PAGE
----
What vision correction option is right for you?
Seventy-five percent of adults in the United States use some form of vision correction. With so many tools available, there’s no need to let poor vision go unchecked. Vision correction options include contact lenses, glasses, refractive and laser surgeries. How do you choose the right one for you? If you need help getting your sight back into tip-top shape, start with this guide.
Vision correction options
There are plenty of choices when it comes to vision correction. Check out some of the most common options:
Glasses — The most traditional way to correct poor eyesight, glasses are an effective and fashionable means to see better. When buying glasses, both frames and prescription lenses must be purchased—unless you’re replacing older lenses with newer ones in a sturdy frame. Glasses can come in many shapes and forms, and the lenses can help with several vision problems.
Contact lenses — When people think of contacts, they usually think of the soft lens that slips over the eye. However, that is just one type of contact. There are also hard lenses, known as rigid gas-permeable lenses. Both options help with vision correction, and just like glasses, there’s a variety of contacts to choose from.
Refractive and laser surgery — Just like the name implies refractive surgery is for correcting refractive vision issues—although in a more permanent way than regular contacts or glasses. This means using lasers to reshape the cornea to allow for more light to enter the eye. When you hear people talk about LASIK surgery, this is what they’re referencing. There are different types of refractive surgeries, like LASIK (short for laser in-situ keratomileusis) and PRK (photorefractive keratectomy).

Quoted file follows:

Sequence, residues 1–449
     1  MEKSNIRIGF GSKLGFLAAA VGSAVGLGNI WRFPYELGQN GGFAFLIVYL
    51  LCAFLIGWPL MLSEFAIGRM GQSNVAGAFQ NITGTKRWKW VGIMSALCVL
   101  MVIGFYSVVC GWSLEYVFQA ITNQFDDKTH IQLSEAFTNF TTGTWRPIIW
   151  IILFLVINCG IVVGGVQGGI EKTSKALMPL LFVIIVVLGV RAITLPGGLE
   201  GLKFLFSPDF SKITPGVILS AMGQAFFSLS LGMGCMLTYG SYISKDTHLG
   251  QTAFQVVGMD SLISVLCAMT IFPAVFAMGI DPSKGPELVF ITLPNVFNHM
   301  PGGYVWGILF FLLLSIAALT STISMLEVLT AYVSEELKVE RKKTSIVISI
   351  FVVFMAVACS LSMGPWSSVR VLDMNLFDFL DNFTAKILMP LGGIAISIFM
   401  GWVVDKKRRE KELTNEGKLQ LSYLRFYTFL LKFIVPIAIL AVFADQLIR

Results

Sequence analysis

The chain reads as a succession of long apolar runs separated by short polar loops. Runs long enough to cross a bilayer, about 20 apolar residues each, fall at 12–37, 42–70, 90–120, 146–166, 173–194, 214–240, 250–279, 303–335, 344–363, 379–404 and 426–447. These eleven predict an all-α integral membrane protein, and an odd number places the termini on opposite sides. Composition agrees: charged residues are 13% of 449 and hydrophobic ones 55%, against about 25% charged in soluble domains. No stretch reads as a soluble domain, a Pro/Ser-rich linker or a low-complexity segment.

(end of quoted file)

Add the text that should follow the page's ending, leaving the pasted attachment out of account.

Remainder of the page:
Surgical implants and replacements — There are additional types of surgery to fix vision issues. These involve changing parts of the eye or adding new components to correct vision problems. These surgeries include refractive lens exchange (RLE), presbyopic lens exchange (PRELEX), intracorneal ring segments (Intacs or ICR), Phakic intraocular lens implants, and astigmatic keratotomy (LRI).
How to choose the right vision correction for you
Before considering which vision correction option is best for you, consult your eye doctor to identify what problem or problems you may be experiencing. Your doctor can recommend which correcting device is ideal for your vision problems and, together, you can find the option you are most comfortable with. Here are some things to consider when picking the vision correction tool for you:
- Pros: Original vision correctors, easy to wear and clean, endless frame options to suit your style, easily customizable.
- Cons: Easily broken, can be pricey, only help front vision field (not periphery), can be uncomfortable when worn during long periods of time, users can experience fogging, scratching, and smudging.
- Pros: Can be worn during physical activities like sports, gives a natural field of vision, cannot not be detected on your face, affordable, can change the color of your eyes.
- Cons: Require high maintenance, need to be washed and stored correctly, requires a need to touch your eyeballs, improper usage can lead to eye problems.
Refractive and laser surgery
- Pros: Quick and safe vision correction option, no need to wear contacts or glasses after the procedure, significant improvements in vision.
- Cons: Not everyone is eligible for the procedure, risks from the surgery include dry eyes, patients may need the procedure again in the future.
Maintain good vision
Just as you visit the dentist to practice preventive oral health care, it’s equally important that you take regular trips to the eye doctor to ensure the health of your eyes.
If you’re looking for vision coverage, DeltaVision makes it easy to care for your vision. Find an eye doctor, and make an appointment. Our network has more than 88,000 providers at over 27,000 locations nationwide!
We partner with popular providers like LensCrafters® and Target Optical℠, in addition to many smaller, independent doctors. These retailers offer conveniences such as multiple locations and extended hours to help members get the service they need.
Click here to learn more about our vision coverage.
*Updated October 2022